061 Člověk and you

„The second person denoting the general human agent, though represented in both languages, appears to be far more characteristic of English than of Czech.“ „Although Czech has structural requisites which make parallelism between you and 2nd person possible, in fact many of the uses of you correspond to člověk and/or the reflexive forms. Thus in […]

060 Impose classic word order where possible

As a good rule of thumb, check to see if it is possible to apply classic English subject-predicate-adverbial word order (i.e. when you do not need to highlight any of the elements by putting them at the beginning or the end). By DAPI staining of the deletants used in our study we have proved a difference […]

059 Semantic range

Interesting insights from A Functional Analysis of Present Day English on a General Linguistic Basis by Vilém Mathesius and Josef Vachek: English words as naming units usually have a wider range and  thus a more general and less definite content than Czech words, and are therefore  better suited to denote figurative meanings. This difference is […]

058 Functional sentence perspective

A brief summary of conclusions and insights from several works on functional sentence perspective (FSP): Word order in Czech is usually decided by the interplay of these FSP factors: primarily linear modification, followed by context and then semantic structure. In English the governing factor is primarily context, followed by semantic structure and then linear modification. There is a striking […]

057 An amazing hundred odd things you can do with English articles

When students complain to me that they will never get their heads around all the twists and turns of English articles I normally agree, while reassuring them that basic textbook rules cover ninety-something percent of cases, so they shouldn’t really worry their heads too much over the odd anomaly. But just how many exceptions are […]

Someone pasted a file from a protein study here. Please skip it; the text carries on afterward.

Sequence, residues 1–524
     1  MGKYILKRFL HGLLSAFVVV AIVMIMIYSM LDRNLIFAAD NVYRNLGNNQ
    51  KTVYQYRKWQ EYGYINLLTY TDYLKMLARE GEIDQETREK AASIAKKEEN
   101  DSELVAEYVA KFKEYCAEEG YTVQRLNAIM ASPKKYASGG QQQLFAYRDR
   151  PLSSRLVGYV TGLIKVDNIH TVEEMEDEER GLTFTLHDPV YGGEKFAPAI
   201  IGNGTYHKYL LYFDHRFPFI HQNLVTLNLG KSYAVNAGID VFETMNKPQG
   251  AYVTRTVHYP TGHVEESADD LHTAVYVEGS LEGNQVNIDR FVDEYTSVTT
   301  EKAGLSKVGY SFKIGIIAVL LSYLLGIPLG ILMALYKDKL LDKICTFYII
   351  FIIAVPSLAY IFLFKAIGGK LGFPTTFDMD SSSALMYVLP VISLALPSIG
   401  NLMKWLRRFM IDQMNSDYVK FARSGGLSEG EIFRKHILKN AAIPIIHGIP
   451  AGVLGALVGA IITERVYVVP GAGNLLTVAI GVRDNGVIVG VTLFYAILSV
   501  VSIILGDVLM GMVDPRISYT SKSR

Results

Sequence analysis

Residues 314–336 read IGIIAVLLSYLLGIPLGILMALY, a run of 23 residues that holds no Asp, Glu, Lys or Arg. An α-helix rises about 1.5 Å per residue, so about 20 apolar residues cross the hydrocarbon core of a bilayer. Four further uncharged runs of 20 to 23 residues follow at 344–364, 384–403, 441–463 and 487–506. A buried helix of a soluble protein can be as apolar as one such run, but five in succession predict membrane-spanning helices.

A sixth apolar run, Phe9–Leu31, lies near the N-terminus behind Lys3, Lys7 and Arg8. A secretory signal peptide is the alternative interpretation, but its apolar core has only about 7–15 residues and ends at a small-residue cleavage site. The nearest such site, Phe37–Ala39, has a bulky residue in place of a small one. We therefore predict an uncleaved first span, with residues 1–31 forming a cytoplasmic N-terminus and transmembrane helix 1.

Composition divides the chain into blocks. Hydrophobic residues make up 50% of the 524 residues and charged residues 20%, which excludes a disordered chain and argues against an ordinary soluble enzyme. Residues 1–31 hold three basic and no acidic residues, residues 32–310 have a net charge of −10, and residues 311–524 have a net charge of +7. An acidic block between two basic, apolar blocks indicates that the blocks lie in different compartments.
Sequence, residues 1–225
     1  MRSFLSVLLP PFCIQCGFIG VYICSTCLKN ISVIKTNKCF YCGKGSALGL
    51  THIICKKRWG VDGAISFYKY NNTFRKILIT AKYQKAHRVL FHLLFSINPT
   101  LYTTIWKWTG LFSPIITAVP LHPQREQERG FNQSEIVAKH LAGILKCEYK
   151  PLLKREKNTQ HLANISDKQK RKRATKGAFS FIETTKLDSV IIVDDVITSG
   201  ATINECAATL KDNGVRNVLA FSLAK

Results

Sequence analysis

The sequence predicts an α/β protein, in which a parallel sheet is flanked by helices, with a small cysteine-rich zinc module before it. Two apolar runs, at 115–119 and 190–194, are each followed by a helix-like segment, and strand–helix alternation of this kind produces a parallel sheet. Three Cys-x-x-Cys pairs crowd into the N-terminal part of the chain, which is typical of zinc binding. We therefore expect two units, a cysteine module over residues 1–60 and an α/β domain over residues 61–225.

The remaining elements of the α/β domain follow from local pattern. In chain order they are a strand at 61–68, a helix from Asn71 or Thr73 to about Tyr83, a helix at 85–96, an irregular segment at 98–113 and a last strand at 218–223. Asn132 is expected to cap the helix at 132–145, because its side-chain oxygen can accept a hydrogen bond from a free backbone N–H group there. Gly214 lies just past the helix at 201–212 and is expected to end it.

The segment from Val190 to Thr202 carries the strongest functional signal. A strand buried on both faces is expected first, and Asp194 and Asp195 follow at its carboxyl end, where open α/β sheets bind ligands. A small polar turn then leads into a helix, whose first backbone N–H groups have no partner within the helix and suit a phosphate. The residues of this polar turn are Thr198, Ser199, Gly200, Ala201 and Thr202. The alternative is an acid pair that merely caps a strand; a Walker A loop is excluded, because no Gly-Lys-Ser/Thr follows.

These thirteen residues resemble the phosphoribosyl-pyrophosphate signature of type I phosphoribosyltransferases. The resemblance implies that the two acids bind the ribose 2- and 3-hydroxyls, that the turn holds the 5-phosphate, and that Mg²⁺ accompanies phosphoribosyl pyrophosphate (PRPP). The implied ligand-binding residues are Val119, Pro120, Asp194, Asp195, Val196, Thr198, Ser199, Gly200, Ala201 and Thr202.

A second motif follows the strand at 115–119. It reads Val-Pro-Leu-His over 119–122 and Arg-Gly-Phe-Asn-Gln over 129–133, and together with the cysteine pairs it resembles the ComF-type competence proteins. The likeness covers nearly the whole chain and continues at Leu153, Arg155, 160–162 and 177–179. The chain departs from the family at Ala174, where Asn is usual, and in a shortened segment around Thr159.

056 Nominal English versus verbal Czech

The nominal tendency in English sentence complexing opposed to the verbal tendency in Czech is the most frequently and widely discussed topic in all contrastive English-Czech linguistic studies (see Dušková), most of them referring to Vachek’s (Selected writings in English and general linguistics) findings about the relatively vague semantic nature of many English verbs, functioning […]

055 Alternative perspectivization

The strong inclination in Czech to compensate for English condensers by clauses (both dependent and main) (see 054) sometimes results in the overall restructuring of the original sentence pattern, changing for example the directionality of the processes or events expressed in the source text (cf. the different perspectivization [of the next example] and the consequent […]

054 Condensation

Condensation (particularly in literary and formal style) “One of the global differences in the English-Czech interface is the tendency to shape the sentence complex in English as a compact whole, in which the core (nucleus) is surrounded by various more or less condensed structures (satellites); and the tendency in Czech to shape the sentence complex […]

053 Progressive forms of stative verbs

The progressive form of an English stative (or state) verb (wanting, loving, hoping etc) can convey tentativeness/politeness or growing dynamism. The use of the progressive form with these verbs is often not reflected at all in the Czech translations. Most typically, a basic Czech dictionary equivalent is used. I believe she was wanting us all […]

052 Have: various uses

Some notes on the various meanings of the have + infinitive/ing structure Causative meaning                                                   She had us working day after day They had me repeat the message Existential meaning Also used […]